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Reviewers: Tony Augarde [Editor], Steve Arloff, Nick Barnard, Pierre Giroux, Don Mather, Glyn Pursglove, George Stacy, Bert Thompson, Sam Webster, Jonathan Woolf

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Hustlin' for a Gig

Housekat Records (no number)



1. He Was The Cat (A Tribute to Eddie Jefferson)
2. Hustlin' for a Gig
3. Gone Gone Gone
4. I'll Remember Why
5. Caught You Spreadin' Your Love All Over the Place
6. This is the Life
7. A Million Miles
8. Java Junkie
9. Now I Have This
10. You Ain't Seen Nothin' Yet

Ginny Carr, Robert McBride, André Enceneat, Holly Shockey - Vocals
Frank Russo - Drums, percussion
Max Murray - Bass
Alan Blackman - Piano, Fender Rhodes
Steve Herberman - Guitar
Chris Vadala - Alto sax, clarinet
Leigh Pilzer - Tenor sax, bass sax
Chris Walker - Trumpet
Jen Krupa - Trombone
Ginny Carr - Additional keyboards


Eddie Jefferson probably started it; King Pleasure popularized it; Lambert, Hendricks & Ross recorded some classic versions of it, but vocalese seems to be a neglected art. Is Manhattan Transfer the only major group seemingly keeping it alive? The Oxford English Dictionary defines vocalese as "A style of singing in which singers put words to jazz tunes, esp. to solos previously improvised by jazz musicians". However, Manhattan Transfer is not the only vocal group working in this field. Here is the Uptown Vocal Jazz Quartet, two gals and two guys who, on this disc, perform songs written by their leader, Ginny Carr.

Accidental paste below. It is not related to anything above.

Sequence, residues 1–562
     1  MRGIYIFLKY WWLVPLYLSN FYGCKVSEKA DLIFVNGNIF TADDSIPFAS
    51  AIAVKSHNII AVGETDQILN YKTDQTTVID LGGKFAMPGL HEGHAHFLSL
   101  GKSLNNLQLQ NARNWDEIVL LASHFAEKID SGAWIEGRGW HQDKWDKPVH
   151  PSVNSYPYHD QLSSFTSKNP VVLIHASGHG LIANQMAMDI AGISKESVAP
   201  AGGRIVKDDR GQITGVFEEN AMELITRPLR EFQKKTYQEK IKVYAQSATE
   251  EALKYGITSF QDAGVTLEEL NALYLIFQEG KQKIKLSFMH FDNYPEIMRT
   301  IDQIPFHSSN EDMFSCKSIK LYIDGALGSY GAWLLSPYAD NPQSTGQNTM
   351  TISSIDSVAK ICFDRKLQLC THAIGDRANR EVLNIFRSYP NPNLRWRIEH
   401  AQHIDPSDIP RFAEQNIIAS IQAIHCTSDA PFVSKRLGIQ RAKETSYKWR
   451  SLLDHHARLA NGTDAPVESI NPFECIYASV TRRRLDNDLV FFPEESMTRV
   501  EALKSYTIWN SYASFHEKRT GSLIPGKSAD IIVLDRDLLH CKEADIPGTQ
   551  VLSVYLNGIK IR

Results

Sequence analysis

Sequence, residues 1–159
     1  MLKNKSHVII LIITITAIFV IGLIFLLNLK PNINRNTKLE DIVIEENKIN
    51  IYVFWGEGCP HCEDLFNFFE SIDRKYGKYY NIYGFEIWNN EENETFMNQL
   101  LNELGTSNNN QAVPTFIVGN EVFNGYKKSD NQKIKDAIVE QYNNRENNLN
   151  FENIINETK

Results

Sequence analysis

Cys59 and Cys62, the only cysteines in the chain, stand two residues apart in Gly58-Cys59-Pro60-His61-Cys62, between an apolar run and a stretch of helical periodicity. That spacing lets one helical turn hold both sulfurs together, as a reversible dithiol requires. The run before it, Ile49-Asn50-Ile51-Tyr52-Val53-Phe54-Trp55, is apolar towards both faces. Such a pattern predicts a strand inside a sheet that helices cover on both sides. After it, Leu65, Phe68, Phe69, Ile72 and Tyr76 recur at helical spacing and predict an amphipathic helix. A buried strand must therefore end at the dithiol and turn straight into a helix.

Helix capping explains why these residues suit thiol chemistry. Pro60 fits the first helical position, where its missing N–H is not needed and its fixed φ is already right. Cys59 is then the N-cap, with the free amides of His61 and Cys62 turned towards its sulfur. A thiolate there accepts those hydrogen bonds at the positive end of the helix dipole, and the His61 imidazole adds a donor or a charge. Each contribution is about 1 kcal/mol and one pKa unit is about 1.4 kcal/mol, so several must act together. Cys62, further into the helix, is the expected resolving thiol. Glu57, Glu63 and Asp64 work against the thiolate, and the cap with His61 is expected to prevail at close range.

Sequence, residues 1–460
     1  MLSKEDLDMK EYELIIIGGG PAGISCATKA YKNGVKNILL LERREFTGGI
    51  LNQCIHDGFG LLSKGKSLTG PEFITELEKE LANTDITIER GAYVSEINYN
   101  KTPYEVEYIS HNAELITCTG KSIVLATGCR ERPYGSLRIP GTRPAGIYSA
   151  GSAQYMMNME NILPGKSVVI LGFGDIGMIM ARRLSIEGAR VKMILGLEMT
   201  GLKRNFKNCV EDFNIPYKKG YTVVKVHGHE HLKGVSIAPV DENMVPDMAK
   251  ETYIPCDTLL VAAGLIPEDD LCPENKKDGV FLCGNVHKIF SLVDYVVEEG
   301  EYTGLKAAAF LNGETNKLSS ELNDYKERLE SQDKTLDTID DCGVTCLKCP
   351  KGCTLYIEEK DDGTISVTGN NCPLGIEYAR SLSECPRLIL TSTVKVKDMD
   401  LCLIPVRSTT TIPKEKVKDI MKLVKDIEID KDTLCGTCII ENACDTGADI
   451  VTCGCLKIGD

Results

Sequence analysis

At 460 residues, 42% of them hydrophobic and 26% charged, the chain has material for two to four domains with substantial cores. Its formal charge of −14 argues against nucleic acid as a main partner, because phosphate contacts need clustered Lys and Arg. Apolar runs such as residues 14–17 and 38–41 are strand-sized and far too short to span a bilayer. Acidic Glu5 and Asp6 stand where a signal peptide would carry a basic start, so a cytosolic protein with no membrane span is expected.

Although they may classify their material as vocalese elsewhere, the group here performs songs rather than pieces of vocalese, as the repertoire doesn't seem to be based on existing jazz tunes or solos. So you might call the UVJQ a close-harmony quartet. He Was The Cat is a heartfelt tribute to Eddie Jefferson. One quality it shares with vocalese is the speed with which the lyrics whizz by, which doesn't always make them very easy to hear. Alto-saxist Chris Vadala adds a swooping solo.

The title-track tells a story very familiar to musicians: the soul-destroying task of looking for gigs. It is tellingly interspersed with the sort of rejections musicians often hear from agents, such as "I never heard of you" and "Can I see your video?" Other outstanding tracks include Gone Gone Gone, which has an infectious Latin feel; I'll Remember Why, a poignant love-song; and Java Junkie which is about addiction to coffee. This is the Life is the only song on the CD not composed by Ginny Carr - it is by Charles Strouse & Lee Adams.

The quartet's vocal skills are undeniable, and the album is made more accessible by the very clear recording and some sterling work from the backing band. Notable solos come in This is the Life from guitarist Steve Herberman (whose solo quotes Taking a Chance on Love), pianist Alan Blackman in A Million Miles, and trombonist Jen Krupa (any relation to the famous drummer?) in Java Junkie.

This may not be vocalese but it contains some good songs with literate lyrics, performed with impeccable harmonies. Ginny Carr deserves praise for all the composing of music and lyrics as well as writing arrangements which showcase the brilliance of all the vocalists and instrumentalists. This quartet won't need to be hustlin' for a gig for a long time to come: the bookings should come flooding in.

Tony Augarde

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